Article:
How do you solve a problem with UELMA?

UELMA is the newest acronym gov docs librarians should learn to love. It stands for Uniform Electronic Legal Material Act, and it was passed by the National Conference of Commissioners on Uniform State Laws (NCCUSL) at their annual meeting in Vail, Colorado, in July 2011. Keith Ann Stiverson, Library Director at the Chicago-Kent College of Law, served as the official observer for the American Association of Law Libraries (AALL) at meetings of the NCCUSL drafting committee. I interviewed her for a brief article about UELMA for Chicago-Kent’s student paper, The Commentator. It appeared in the December issue, and is reprinted below with their kind permission. For more, see the description on the NCCUSL website, and this great summary by Barbara Bintliff.


UELMA: Coming to a State Near You? *
by Kevin McClure, Research Librarian

Keith Ann Stiverson, our Library Director at Chicago-Kent, along with colleagues from the American Association of Law Libraries (AALL), has been working hard on the development of the Uniform Electronic Legal Material Act (UELMA). UELMA recently won approval from the Uniform Law Commission. I chatted with her to find out why she thinks that’s a good thing.

You’ve been working on something called UELMA. What is it, and why should a law student care?

We should all care, because state governments aren’t doing enough to ensure that the legal materials they’re putting up on the Internet are trustworthy and secure. Like legal research generally, the publication of official, primary source material is moving from print to online. UELMA tells states that if they want to put it online and call it official, then they need to do three things.

First, they need to authenticate it. That means that when you view a document online, you get a seal or some other certification that says it’s the genuine article: then you’ll know it hasn’t been tampered with, it’s accurate, and it’s the authoritative and unaltered version. That’s assurance that you need and that you’re really entitled to if you’re going to court, or citing something in an article or paper.

Second, they need to preserve it. We’ve found again and again that states don’t have preservation standards or policies in place for the legal materials they publish online. Preservation means several things. It means having backups in place so that material is secure from a natural disaster or some other failure, and it means the material needs to be in a usable format, so states will need to have it ready to migrate to new formats from time to time. And one very important piece of the preservation puzzle for legal materials is version control, which means that as materials are amended or superseded, we need to preserve the older versions, because so often, legal research isn’t about finding what the law says now, it’s about finding what the law said at a certain point in the past.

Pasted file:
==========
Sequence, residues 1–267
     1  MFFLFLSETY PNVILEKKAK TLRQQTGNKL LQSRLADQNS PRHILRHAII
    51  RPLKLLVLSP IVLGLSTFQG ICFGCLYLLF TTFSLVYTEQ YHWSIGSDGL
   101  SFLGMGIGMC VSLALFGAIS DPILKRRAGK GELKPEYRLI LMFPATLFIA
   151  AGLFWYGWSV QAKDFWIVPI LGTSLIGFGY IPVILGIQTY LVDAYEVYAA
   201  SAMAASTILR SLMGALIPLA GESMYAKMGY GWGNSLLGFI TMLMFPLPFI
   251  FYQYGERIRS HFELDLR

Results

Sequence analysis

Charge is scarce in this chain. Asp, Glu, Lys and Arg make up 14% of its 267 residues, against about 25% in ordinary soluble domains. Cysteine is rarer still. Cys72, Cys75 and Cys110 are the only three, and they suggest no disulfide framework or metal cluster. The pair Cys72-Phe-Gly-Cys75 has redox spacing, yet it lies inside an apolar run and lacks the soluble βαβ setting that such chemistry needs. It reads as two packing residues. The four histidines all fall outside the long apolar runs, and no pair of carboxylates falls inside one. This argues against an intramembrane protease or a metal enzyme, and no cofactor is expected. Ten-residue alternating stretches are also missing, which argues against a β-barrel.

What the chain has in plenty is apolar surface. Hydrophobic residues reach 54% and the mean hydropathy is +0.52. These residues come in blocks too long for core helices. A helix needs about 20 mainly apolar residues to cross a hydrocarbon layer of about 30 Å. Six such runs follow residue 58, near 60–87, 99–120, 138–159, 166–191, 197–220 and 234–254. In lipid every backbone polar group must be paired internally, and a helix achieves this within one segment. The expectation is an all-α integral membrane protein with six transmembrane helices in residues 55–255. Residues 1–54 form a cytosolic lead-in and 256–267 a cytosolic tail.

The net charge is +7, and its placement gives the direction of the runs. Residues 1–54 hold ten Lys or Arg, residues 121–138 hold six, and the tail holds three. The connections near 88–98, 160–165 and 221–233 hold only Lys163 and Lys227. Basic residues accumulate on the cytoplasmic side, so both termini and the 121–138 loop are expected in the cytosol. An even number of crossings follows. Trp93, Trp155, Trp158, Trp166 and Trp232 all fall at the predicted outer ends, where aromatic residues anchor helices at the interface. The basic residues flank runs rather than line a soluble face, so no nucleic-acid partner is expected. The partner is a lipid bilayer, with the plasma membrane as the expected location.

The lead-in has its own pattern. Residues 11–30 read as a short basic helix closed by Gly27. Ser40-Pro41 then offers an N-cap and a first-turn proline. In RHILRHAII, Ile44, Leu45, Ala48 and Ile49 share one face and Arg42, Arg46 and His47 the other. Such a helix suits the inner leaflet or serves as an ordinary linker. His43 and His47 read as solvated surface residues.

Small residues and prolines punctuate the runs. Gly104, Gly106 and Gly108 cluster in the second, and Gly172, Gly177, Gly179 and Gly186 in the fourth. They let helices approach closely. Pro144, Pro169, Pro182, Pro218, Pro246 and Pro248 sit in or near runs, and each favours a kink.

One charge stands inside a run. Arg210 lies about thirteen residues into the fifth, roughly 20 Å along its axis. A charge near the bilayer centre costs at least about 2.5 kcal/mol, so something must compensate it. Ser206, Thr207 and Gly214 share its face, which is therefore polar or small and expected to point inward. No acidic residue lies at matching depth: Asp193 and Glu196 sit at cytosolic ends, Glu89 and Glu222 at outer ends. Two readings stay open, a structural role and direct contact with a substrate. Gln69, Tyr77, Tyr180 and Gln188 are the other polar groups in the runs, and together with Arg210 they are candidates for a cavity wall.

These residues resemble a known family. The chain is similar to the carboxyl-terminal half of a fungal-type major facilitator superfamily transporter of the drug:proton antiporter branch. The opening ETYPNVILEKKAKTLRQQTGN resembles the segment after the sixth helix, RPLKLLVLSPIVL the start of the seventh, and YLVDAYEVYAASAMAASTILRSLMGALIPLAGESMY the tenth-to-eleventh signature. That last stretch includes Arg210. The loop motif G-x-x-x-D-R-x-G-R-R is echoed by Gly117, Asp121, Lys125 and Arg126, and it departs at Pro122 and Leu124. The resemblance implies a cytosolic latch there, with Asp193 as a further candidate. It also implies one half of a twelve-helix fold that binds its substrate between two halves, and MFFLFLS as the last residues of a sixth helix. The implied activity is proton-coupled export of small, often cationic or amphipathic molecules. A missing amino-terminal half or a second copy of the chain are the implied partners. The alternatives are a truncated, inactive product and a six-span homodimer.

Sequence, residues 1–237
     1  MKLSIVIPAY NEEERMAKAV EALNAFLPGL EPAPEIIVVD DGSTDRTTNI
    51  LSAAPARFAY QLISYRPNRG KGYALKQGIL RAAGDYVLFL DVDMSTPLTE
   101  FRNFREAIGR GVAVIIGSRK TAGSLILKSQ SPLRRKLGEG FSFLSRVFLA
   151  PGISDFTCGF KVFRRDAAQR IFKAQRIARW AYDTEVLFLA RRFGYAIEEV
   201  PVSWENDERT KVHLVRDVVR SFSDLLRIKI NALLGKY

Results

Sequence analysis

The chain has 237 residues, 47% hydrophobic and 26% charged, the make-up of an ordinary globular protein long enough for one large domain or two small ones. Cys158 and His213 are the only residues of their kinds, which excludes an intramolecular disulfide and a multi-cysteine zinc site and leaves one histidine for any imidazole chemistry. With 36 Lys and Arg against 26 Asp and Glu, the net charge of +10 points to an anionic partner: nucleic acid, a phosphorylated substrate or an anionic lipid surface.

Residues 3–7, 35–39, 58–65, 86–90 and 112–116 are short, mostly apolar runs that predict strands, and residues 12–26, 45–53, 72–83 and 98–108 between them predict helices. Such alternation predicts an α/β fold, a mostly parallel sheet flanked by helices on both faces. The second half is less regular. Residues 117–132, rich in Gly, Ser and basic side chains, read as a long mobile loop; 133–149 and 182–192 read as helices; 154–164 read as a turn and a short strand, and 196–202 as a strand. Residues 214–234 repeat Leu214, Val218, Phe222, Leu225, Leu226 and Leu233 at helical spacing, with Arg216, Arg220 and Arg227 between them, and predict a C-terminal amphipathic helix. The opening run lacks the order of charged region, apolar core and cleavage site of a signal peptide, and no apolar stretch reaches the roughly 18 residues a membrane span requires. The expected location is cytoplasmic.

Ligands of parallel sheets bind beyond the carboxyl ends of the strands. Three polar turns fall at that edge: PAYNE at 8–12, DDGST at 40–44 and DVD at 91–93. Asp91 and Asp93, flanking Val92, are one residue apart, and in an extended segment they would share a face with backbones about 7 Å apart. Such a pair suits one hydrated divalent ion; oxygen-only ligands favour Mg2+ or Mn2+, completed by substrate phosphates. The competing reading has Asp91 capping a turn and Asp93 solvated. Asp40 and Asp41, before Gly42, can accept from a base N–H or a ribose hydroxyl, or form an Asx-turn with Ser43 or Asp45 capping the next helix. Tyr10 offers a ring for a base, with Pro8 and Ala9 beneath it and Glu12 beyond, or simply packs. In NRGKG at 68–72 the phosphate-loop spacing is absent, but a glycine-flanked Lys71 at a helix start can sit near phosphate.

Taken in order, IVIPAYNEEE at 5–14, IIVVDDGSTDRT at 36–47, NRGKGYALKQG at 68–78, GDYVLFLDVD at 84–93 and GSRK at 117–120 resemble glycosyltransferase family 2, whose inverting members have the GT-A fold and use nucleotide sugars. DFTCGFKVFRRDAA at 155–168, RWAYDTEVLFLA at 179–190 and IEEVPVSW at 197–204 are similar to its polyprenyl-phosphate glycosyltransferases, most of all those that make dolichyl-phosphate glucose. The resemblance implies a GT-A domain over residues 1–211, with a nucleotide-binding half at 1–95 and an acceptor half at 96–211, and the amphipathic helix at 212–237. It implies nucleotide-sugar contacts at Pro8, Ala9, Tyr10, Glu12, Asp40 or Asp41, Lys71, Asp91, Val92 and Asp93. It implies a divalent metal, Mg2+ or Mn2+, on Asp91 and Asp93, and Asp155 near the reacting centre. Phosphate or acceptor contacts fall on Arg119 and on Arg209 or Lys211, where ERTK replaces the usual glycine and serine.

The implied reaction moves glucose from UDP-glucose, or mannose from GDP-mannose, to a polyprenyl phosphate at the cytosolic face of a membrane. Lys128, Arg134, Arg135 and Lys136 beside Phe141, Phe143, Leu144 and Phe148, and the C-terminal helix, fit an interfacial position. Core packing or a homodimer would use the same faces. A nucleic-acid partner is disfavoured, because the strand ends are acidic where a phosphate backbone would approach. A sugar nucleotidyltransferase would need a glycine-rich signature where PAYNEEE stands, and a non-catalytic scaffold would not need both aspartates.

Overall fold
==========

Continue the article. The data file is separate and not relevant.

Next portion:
The third requirement is that states need to ensure permanent public access to the material. You can think of this as the open government provision of UELMA. In a democracy, citizens deserve and require access to the documents of our government, and legal material is central to that. UELMA doesn’t prescribe one specific way to do that; it gives states the leeway to set their own requirements, so long as they provide public access that is reasonable and permanent.

But I can look at a statute or a state code online and tell whether it’s on a state government website. Isn’t that authentic enough?

It might be good enough for most purposes, most of the time. But what we in AALL have been emphasizing for years is that when it comes to primary legal resources, any form of publication that leaves their authority open to doubt is a failure. We surveyed all fifty states and found all sorts of troubling practices – states where it was hard to tell whether the online version was official or not, states where it appeared that the online wasn’t “as official” as the print, just about everything you can imagine except what we need, which is the same level of certainty online that we’ve had with print. These are the laws we live by. Being “good enough most of the time” doesn’t cut it.

So we have a uniform law, but it isn’t actually a real law anywhere yet?

Right. We worked with the Uniform Law Commission to draft language that was flexible enough to be workable anywhere. Now we’re taking UELMA to eight key states** where we think we have the best chance to get it passed, to create some momentum.

Is Illinois on that list?

No, it’s not! These issues just aren’t on anyone’s radar yet in Springfield. But with a few key victories elsewhere, we hope to blaze a trail that will begin to develop some common practices nationwide and encourage other states to get onboard.


* I tried so hard to think of a better title. Nothing.
** The eight states are California, Colorado, Connecticut, Louisiana, Minnesota, Nebraska, Tennessee, (Oxford comma!) and Wisconsin.

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